Jammu and Kashmir | WWF India

Jammu and Kashmir

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Tsokar in Ladakh
© Mahesh Nair
The northernmost state of Jammu and Kashmir has some of the most picturesque and ecologically important wetlands. Conservation efforts by WWF are being focused on high altitude wetlands in the Ladakh and Pir Panjal regions.

Ladakh

In Ladakh, the six priority wetlands are Tsomoriri, Tsokar, Pangong Tso, Hanle, Chushul in Leh district and Rungdum in Kargil district. Out of these, Tsomoriri has been designated as a Ramsar site. The common threats to these are:
  • Construction of roads reaching up to the lakes which has opened up this once remote basin to tourism and economic activities
  • Increased human activity, likely to affect the breeding activities of the waterfowl
  • Disturbances to animals like the Wild Ass, which are often chased by jeep safaris
  • Disturbances to the feeding and breeding grounds of the endangered Black-necked Crane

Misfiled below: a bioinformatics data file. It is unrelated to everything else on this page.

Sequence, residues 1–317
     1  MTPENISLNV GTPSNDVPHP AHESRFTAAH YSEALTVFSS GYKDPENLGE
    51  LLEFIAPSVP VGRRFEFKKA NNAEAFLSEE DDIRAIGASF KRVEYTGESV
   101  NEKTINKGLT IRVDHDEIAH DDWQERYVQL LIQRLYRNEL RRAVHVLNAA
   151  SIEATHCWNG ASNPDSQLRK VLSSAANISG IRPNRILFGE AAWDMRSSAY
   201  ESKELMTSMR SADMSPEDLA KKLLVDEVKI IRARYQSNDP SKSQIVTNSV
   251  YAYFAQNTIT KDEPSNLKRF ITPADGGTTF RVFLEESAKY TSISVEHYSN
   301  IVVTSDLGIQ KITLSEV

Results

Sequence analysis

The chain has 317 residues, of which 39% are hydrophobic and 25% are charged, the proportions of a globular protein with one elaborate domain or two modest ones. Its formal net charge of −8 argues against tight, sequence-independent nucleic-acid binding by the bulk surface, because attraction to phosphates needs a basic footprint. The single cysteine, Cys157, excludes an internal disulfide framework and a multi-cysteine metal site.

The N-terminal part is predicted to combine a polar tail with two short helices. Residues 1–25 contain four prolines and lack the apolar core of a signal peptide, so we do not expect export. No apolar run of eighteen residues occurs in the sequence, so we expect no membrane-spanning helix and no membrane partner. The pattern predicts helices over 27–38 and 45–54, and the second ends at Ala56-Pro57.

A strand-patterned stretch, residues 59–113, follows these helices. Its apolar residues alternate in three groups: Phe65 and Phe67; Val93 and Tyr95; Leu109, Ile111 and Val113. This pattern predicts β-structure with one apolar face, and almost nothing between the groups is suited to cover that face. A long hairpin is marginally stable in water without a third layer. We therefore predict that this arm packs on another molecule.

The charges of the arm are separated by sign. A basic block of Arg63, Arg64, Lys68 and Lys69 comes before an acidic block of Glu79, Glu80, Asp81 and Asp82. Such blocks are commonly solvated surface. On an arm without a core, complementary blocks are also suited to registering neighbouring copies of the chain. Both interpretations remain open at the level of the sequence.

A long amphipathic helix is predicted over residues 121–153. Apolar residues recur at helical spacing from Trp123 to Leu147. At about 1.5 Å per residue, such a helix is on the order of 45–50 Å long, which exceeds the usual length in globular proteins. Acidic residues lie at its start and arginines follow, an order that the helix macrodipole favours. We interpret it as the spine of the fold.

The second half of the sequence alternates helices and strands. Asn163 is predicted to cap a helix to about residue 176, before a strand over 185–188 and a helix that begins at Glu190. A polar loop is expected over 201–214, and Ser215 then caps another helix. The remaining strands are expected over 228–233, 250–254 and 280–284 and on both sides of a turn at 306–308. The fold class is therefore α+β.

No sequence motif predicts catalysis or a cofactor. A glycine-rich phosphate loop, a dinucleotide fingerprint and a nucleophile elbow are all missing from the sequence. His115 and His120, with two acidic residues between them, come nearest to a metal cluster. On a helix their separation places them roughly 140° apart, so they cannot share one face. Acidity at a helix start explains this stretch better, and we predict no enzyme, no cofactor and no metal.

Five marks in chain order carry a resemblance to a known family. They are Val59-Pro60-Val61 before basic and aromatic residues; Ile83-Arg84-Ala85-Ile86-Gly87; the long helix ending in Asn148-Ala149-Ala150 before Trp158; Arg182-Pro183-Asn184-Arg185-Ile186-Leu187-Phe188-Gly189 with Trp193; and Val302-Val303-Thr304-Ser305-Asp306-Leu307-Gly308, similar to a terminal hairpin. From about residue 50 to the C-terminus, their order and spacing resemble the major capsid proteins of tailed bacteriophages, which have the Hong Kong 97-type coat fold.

• Increasing pollution levels in areas of tourist concentration like trekking routes and campsites due to the increase in the number of vehicles
  • The common practice of dumping garbage into nearby streams, as well as, into marmot, mouse hare or vole burrows, in the absence of proper garbage disposal facilities
  • Increased pressure on grazing lands, in addition to the exponential rise in the number of trekkers and pack animals, especially considering the severely limited prospects for pasture regeneration due to extreme climatic conditions in the region
  • Off track driving leading to soil compaction and deep barren jeep tracks which are an increasingly common sight around popular camping grounds in Korzok (Tsomoriri) and Tsokar meadows
 
© Ragini Letitia Singh/WWF India
Trash mingled with the pure snow of Ladakh
© Ragini Letitia Singh/WWF India

Pir Panjal Wetland Complex

WWF has recently initiated work on Nandan Sar, Chandan Sar, Koker Sar, Neel Sar, Katori Sar and Smat Sar in the Pir Panjal Range. They face the following threats:
  • Excessive grazing by livestock owned by nomads
  • Nomadic camps located very close to the lakes during the summer months, leading to water pollution
  • The recent construction of the Mughal Road in the region, bound to make these lakes more accessible
  • The absence of a proper management plan for the budding tourism in the region
  • The indiscriminate cutting of high altitude plants like junipers which are essential to the ecology of the region
  • Wildlife hunting in the area especially of the Musk Deer and Markhor
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